Jesuit Gardens: Finding God in All Things

Jesuit Gardens: Finding God in All Things

By Emily Rust

After the caps are tossed, the degree is framed and the end of a college career is upon you, where do you take your Jesuit education? What are its lasting effects?

James Howard, DDS, associate professor emeritus of general dentistry in the School of Dentistry, who now serves as a contributed services faculty member, graduated from a Jesuit university five decades ago, but still uses the lessons learned in both his life and profession. He shared how to find God in everyone and a path for a life well-lived with fellow alumni of Wheeling University in West Virginia (a former Jesuit institution).

He presented “Give and Take in Jesuit Education” during his 50-year class reunion this summer.

“When you look at Jesuit education, you learn to think critically,” says Howard, who served as associate dean for clinical services and director of clinics for more than a decade. “You’re continually immersed in the values that the Jesuits espouse in your education system.”

Values such as finding God in all people, something Howard teaches students in the dental school.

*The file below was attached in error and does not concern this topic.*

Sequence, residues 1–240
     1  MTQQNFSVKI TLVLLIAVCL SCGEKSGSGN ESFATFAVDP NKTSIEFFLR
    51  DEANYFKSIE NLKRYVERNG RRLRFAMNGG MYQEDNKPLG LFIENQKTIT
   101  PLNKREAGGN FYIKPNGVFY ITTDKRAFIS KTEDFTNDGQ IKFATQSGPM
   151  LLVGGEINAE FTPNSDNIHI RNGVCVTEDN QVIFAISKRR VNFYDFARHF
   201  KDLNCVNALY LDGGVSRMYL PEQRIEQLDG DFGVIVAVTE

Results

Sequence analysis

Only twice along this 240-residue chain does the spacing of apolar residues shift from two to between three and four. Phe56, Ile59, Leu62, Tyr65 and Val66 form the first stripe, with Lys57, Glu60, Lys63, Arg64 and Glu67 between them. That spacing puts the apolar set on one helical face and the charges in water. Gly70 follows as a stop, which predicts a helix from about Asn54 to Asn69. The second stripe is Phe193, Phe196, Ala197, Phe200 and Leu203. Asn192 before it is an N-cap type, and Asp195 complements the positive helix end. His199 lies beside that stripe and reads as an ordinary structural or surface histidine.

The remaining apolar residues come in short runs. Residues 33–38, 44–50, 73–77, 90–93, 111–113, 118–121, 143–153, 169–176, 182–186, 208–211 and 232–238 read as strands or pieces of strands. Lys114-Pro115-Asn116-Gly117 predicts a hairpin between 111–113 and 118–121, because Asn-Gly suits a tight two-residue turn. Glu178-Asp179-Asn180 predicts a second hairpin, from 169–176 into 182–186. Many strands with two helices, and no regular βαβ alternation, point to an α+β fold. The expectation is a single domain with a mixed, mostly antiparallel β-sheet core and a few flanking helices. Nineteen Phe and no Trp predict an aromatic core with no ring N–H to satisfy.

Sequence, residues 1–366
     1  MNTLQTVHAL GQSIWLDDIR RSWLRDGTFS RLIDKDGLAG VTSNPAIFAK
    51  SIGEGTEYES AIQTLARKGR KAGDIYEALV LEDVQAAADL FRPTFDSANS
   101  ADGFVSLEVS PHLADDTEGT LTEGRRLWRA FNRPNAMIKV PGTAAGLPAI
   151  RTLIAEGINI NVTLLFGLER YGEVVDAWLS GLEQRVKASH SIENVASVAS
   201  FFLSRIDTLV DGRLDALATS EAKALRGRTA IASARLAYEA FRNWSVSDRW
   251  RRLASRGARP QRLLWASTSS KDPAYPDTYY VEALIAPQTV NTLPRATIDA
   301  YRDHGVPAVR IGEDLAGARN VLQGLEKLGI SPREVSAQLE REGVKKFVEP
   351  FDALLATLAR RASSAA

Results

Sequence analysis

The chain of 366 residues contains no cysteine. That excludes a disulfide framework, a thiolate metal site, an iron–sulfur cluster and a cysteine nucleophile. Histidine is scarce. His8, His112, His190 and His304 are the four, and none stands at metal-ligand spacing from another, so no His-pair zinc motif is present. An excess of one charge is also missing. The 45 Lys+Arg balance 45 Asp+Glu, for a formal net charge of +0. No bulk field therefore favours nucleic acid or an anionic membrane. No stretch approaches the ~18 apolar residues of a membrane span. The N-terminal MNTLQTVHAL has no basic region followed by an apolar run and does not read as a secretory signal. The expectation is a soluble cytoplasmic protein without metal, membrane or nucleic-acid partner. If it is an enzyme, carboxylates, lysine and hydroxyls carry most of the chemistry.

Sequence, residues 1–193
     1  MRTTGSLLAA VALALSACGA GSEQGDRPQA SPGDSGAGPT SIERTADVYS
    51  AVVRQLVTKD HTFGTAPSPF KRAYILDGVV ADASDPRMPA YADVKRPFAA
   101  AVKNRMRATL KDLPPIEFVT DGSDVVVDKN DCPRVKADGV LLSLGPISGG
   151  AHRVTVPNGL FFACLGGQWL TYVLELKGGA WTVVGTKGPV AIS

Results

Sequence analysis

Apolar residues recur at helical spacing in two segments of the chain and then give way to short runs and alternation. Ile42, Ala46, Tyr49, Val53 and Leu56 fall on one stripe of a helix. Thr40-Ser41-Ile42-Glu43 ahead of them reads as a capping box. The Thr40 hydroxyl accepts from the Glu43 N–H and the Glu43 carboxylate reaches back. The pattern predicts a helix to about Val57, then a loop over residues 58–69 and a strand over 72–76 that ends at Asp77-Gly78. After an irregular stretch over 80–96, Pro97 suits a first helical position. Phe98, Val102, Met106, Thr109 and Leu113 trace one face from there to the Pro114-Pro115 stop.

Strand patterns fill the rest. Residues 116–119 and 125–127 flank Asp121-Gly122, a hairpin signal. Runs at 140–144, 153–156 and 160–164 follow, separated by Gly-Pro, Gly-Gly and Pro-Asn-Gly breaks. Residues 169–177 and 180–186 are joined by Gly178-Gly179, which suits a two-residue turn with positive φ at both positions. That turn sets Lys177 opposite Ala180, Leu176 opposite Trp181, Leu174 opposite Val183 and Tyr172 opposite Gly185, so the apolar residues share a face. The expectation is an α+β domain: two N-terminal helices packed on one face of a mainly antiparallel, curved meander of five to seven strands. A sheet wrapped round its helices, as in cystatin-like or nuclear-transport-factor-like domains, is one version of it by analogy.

It can be frustrating, Howard says, when you don’t see eye-to-eye with someone with whom you interact. In that instance, “what you need to do is develop a time to ask God to give you the wisdom, the patience, the understanding, the insight to know how to work with this person,” Howard says.

“When you get up in the morning, whoever your God is, whatever your personal introspection is, ask, ‘Help me today,’” Howard says. “Continually try to bring that up in your head and your heart. You’ll be able to work with people a lot more effectively.”

Howard stresses that as a dentist he uses this mindset to find the inherent dignity in every patient. To follow the words of St. Ignatius’ Prayer for Generosity, “Lord Jesus, teach me to be generous, teach me to serve as you deserve, to give and not count the cost.”

Howard says that as an educator he has the privilege not only to teach students but to mentor and counsel them. One thing he shares with them is the importance of serving others.

In a world in which many think it’s paramount to be “better than” others, Howard encourages his students to think about how, through service, they can benefit their community and their profession, as well as themselves.

It’s a philosophy that has served him well throughout his career, serving as a dentist in the Air Force and as a faculty member at Creighton.

“As you grow older and you’re exposed to many different aspects of life, you realize how important the things that you learned really are,” Howard says.

And, he adds, the difference a Jesuit education can make.